Fort Worth police officer shooting causes outrage


Addison P. '21, Writer

On Oct. 14, Atatiana Jefferson, 28, was shot in her home in Fort Worth, Texas while babysitting and playing video games with her eight-year-old nephew. According to the New York times, it started when one of the neighbors called the police department to order a wellness check to Jefferson’s house due to an open front door. Hours later, a white, male police officer approached the house and without identifying himself, lurked around the outside of Jefferson’s home. Moments later, the officer shined a flashlight through the window, ordered Jefferson to put her hands up and then opened fire without warning. The gun shot was fatal, killing Jefferson on the spot. The former Fort Worth police officer, Aaron Y. Dean was arrested and charged with murder. 

   The Fort Worth county chief of police, Ed Kraus, planned to fire Dean due to previous incidents throughout his career.  But, Dean resigned from his position just hours before that could occur. The community was furious; yet another black person had been killed by a white police officer. The anger furthered when the body camera video got released to the public; the video showed Dean shining a flashlight into Jefferson’s bedroom window and only saying “Put your hands up! Show me your hands!” before firing the deadly shot. With the growing protests and frustration within the community, Chief Kraus spoke on behalf of the Fort Worth Police Department to avoid showing any support for this issue.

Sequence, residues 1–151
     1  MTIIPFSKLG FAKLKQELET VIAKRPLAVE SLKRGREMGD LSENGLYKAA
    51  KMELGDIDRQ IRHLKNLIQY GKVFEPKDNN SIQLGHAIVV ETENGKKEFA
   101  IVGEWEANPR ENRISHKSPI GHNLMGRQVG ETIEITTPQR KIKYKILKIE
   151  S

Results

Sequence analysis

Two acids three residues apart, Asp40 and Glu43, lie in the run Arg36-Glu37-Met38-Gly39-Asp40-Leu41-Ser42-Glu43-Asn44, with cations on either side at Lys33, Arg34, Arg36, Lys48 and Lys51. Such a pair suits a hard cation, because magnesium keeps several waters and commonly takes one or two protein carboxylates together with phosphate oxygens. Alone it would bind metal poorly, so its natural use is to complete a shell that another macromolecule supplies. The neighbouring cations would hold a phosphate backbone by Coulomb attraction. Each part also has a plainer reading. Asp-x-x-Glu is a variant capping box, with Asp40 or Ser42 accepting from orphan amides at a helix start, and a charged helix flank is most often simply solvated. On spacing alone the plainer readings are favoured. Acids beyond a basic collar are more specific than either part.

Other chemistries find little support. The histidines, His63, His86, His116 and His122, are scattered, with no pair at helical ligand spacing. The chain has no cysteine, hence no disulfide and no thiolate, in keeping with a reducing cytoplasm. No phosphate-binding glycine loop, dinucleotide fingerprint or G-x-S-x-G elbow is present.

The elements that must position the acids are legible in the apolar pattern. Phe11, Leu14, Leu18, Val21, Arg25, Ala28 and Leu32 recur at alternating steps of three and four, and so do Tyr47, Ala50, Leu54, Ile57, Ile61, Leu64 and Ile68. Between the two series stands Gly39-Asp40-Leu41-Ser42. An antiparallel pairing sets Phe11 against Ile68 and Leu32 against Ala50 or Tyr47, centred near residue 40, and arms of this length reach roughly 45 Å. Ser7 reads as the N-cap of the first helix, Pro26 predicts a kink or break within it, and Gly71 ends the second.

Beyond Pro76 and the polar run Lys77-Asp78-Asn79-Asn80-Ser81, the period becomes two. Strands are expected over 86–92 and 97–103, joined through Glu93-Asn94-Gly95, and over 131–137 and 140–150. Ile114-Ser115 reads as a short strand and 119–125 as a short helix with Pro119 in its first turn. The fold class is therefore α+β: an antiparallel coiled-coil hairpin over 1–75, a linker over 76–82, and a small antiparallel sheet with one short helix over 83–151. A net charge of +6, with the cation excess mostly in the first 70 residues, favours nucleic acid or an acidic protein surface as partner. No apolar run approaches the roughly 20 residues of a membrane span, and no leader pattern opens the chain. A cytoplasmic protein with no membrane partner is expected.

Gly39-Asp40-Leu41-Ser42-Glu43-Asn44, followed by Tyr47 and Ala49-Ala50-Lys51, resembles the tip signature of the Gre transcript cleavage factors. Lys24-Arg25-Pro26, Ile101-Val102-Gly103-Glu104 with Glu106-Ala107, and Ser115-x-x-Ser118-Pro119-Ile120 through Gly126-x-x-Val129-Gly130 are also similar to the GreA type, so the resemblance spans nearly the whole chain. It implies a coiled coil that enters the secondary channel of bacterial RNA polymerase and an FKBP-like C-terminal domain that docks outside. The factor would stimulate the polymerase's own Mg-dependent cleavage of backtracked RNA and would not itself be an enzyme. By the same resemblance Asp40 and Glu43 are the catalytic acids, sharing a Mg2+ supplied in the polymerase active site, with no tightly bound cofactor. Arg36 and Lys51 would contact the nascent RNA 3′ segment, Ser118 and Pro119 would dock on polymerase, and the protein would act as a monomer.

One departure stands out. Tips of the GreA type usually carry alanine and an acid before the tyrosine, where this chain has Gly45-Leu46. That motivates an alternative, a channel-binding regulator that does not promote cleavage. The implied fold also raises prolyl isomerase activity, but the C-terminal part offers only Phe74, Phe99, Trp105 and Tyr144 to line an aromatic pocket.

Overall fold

“Nobody looked at that video and said there was any doubt that this officer acted inappropriately,” Kraus said.

  Regardless of the chief’s apology, this had not been the first shooting caused by a Fort Worth police officer. In the past three months, six people have been shot and killed by Fort Worth police officers for no valid reason. Following the Fort Worth shootings, another police officer in Dallas shot a black man in his apartment while off-duty. This further contributes to the growing outrage within the community regarding police brutality as well as racial discrimination.

   “I think police shooting people that are considered innocent is a result of discrimination and racial unfairness. People should not be harmed based on a single police officer’s opinion on them or their race,” Yadnya S. ‘21 said. 

   Others are in agreement, suggesting the need for a solution to this increasing issue.

   “I think police brutality is a very real threat to the foundation of American values and needs to be solved for our nation to move into the 21st century,” Abbey Z. ‘21 said.

   In response to the community in the past, Fort Worth has taken action to eliminate the racism within their police system through the creation of diversity programs and a further examination of discrimination in the department. The murder of Attiana Jefferson may have further added to the feeling of hopelessness within the North Texas community, but there is still an ambition of Texas natives to eliminate the racism buried inside Fort Worth indefinitely.